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Divided Cornelius board backs I-77 tolls

CORNELIUS A divided Cornelius Board of Commissioners late Monday voted to back the state’s $550 million plan to have a private contractor build and operate toll lanes on Interstate 77 from the Brookshire Freeway in Charlotte to Exit 36 in Mooresville.

Commissioners Chuck Travis and John Bradford voted in favor of the measure, while commissioners Dave Gilroy and Jeff Hare voted against, forcing Mayor Lynette Rinker to cast the deciding vote.

Travis called for the vote, saying he would take the board’s stance to a May 22 meeting of the Mecklenburg Union Metropolitan Planning Organization, which recommends Charlotte area road projects to the N.C. Department of Transportation.

Travis, who is the town’s representative on MUMPO, has said he supports I-77 toll lanes because they would happen far sooner than general purpose lanes and offer guaranteed travel time given far fewer cars in those lanes. State transportation officials have said the state doesn’t have the money to add general purpose lanes to I-77 for another 25 years or more.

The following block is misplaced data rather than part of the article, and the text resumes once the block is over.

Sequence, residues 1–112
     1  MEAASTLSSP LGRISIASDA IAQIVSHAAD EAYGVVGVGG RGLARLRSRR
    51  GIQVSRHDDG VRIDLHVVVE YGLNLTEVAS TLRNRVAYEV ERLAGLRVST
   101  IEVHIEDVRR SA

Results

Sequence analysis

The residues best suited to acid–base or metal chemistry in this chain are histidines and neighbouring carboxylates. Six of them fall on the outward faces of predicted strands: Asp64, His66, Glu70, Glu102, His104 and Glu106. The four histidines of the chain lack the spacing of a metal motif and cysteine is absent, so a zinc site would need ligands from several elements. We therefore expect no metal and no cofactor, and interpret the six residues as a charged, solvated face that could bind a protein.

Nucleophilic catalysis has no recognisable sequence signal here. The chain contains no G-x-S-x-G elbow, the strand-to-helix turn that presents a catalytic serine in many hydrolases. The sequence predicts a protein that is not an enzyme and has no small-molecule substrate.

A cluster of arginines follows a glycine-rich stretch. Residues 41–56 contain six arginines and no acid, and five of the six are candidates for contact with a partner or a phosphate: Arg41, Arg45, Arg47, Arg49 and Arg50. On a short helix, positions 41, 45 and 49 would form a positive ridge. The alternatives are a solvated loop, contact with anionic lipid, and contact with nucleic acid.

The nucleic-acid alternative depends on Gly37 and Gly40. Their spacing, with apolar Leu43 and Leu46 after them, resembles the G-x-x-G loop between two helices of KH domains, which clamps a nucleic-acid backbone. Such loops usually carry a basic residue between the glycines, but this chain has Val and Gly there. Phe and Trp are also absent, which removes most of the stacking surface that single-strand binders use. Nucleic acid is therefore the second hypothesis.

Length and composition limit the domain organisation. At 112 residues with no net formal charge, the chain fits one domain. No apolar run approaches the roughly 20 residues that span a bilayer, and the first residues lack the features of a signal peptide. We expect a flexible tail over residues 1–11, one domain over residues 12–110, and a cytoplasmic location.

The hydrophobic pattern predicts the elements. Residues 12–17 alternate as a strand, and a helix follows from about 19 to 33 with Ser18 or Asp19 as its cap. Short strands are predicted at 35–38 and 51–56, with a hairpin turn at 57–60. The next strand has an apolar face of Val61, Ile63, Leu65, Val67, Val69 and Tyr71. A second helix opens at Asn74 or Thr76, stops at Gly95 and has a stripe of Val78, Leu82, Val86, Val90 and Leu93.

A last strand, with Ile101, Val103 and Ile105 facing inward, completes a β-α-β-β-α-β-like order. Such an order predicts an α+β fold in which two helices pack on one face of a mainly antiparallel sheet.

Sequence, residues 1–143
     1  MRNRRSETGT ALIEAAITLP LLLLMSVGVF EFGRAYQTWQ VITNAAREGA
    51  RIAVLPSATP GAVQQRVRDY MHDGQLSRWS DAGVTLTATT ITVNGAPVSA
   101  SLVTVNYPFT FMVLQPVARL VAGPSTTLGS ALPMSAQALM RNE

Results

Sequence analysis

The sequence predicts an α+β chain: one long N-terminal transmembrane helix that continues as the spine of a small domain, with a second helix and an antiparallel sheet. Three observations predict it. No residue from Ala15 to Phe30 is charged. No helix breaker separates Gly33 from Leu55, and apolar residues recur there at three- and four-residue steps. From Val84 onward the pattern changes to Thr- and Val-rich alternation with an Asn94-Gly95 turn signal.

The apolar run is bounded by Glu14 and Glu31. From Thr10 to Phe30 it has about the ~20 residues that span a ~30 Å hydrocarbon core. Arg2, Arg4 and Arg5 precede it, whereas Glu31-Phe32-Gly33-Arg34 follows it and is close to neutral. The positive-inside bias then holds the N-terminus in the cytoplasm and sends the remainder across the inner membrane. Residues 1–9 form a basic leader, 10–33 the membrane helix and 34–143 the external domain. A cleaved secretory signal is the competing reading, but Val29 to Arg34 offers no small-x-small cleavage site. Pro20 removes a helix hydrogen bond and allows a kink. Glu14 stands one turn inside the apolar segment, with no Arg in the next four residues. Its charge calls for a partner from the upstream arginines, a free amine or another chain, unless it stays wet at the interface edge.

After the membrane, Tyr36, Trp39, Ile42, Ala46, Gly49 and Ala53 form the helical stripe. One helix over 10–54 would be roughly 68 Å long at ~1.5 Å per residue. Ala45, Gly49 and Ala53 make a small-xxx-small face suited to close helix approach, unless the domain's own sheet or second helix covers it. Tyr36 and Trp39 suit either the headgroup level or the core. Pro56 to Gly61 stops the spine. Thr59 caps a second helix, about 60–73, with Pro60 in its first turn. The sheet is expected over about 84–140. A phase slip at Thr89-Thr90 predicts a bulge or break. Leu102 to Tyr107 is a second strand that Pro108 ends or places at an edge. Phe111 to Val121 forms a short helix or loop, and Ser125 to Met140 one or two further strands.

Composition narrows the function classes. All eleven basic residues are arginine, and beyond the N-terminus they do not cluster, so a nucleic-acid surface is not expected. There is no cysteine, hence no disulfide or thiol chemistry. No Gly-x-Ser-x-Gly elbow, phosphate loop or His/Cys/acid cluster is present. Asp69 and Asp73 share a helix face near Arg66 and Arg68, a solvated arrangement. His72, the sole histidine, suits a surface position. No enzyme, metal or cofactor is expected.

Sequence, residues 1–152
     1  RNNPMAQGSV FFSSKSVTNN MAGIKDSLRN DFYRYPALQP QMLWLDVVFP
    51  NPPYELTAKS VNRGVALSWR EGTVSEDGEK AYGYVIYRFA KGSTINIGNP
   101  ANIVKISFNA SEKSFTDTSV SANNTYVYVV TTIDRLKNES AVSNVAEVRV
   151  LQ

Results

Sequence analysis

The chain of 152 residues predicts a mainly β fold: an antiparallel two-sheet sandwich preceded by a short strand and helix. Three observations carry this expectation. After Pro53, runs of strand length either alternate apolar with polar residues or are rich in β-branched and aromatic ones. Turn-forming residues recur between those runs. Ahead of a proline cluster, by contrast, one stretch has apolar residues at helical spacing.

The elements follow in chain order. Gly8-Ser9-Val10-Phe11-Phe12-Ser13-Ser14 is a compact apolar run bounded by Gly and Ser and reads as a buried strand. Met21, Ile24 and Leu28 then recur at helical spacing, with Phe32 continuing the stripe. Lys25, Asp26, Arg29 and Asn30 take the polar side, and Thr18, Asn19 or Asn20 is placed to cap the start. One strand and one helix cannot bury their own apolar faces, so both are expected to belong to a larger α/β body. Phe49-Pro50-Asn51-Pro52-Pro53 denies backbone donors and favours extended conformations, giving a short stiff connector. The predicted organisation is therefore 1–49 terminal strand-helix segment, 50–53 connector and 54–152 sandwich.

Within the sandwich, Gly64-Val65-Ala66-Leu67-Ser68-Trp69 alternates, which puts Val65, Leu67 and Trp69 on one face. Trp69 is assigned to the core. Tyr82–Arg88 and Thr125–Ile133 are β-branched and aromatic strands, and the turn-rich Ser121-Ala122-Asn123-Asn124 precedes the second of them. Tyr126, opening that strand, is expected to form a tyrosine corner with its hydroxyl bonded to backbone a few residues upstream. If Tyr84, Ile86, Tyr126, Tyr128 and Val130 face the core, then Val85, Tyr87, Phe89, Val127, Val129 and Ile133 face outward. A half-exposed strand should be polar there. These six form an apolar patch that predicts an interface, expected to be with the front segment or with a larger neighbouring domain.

The state plans to select one of four bidders on the project in August. The contract would run for 50 years to give the contractor time to recoup its investment needed to build the lanes. The amount motorists would pay to ride in the toll lanes isn’t known, state officials have said.

The project would include two toll lanes in each direction from the Brookshire Freeway to Exit 28 in Cornelius and one toll lane in each direction from Exit 28 to Exit 36. Vehicles with at least three occupants could ride in the toll lanes for free.

Toll lane opponents decried the Cornelius board’s vote.

“Why are some elected officials supporting a scheme to guarantee increasing traffic congestion on the general purpose lanes for 50 years?” former Cornelius commissioner William Rakatansky asked in an email Tuesday.

“All that will occur is that there will be more vehicles, more tractor-trailers, more frustration and more fuel burned up sitting idly in massive congestion that, I predict, within 30 years, will have Charlotte/North Mecklenburg/Iredell County rush hour be extended from the present 1 to 1-1/2 hour scenario to a 5- or 6-hour long ordeal in both the morning and evening.”

Rakatansky vowed that opponents will work to defeat elected officials who supported the tolls, in the November general election.

Marusak: 704-987-3670; on Twitter: @ jmarusak.
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